I am an extremely loyal person. "Like Bertie the dog", an ex-boyfriend once said. (Sounds 'bitchy' I know but trust me he meant it as a loving compliment, and excuse the pun). I don't have problems discarding material belongings but letting go of people, of human relationships is something I have never consciously done.

So the post-wedding blog began.

The Aunt Who Rang To Ask For Money

For as long as I can remember, money has been an issue in my family.

Acknowledgement: it is a fact that money is an issue with most families.

In my family, money is an ISSUE.

I grew up very mindful of the various heartaches that lack of money wreaks on people's lives. I was surrounded by vastly unhappy adults, mothers/fathers/uncles/aunts/cousins, who chose to let their lack diminish their reception of the great possibilities for creating happiness. I coveted the good fortunes of better-off friends, their fancy schools, exotic holidays and lovely glossy clothes.

Most of all, I grew up wanting to ESCAPE the unhappy coven of my money-starved, and by consequence, money-obssessed blood relations. I grew up resenting them for continuously choosing to mire their perceptions and judgements in murky negatives, of basing their reception of experiences on lack instead of opportunity.

In short, I grew up wanting out of my family.

Happily, (and entirely by design of course!), I've managed to keep at the safest possible distance from these unhappy souls, some of whom continue to choose to be unhappy. And in case you're wondering, NO, they're not hobos or hillbillies (don't you just love these words?) who live on rations or government support or ghettoes. They're an educated, middle-class bunch who've taken issue with the fact that the weren't born to money (like the rest of the world!) and that, at certain periods, they've had to work themselves to the bones to survive in this dog eat dog economy.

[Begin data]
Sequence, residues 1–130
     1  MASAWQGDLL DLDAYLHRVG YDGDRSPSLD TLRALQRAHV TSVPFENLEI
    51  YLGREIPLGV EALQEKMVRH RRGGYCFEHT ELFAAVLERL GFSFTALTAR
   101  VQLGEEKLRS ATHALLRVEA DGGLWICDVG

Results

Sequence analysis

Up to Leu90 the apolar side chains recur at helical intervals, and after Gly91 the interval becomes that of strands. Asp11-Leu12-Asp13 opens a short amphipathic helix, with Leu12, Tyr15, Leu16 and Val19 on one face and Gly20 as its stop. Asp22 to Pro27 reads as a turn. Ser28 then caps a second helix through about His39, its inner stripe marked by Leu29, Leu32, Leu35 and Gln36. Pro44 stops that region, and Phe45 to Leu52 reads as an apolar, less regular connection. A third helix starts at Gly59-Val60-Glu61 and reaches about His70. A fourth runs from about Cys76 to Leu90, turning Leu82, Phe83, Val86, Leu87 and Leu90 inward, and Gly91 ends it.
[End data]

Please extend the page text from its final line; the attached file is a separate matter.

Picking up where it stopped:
And so...

I was a little taken aback when just a few weeks after the wedding, I received a phone call from another of my aunts. She said that she was, as usual, short on dosh, and would I give her some so that she could throw her daughter a graduation bash at their favourite restaurant? She said it would be such a terrible pity if she couldn't do that for her one and only child.

"Excuse me?!!"

My partner and I received neither phone call nor letter from her to congratulate us on our wedding or to at least wish us luck (and don't we all need it?!). We didn't particularly mind as she is fairly self-absorbed and tend not to be very mindful of what's goes on around her in general. We didn't mind...


When I got the phone call asking me for money, without so much as an enquiry into how the wedding fared (maybe something like, "did everything go well?"), I sort of began to mind. My partner minded very much. Then I really started to mind.

Then I got very upset.

This is how it's been on that side of my family for as long as I can remember. They're a little bit autistic. A reasonable reasoned individual might say to him or herself: "um, it's probably not very appropriate for me to ask these guys for money because they've just hosted a wedding, and also because they might be a little ticked that I didn't even bother to send them a card".

One would think, huh?

I haven't spoken to that aunt since, and I'm not exactly sure I want to anytime soon.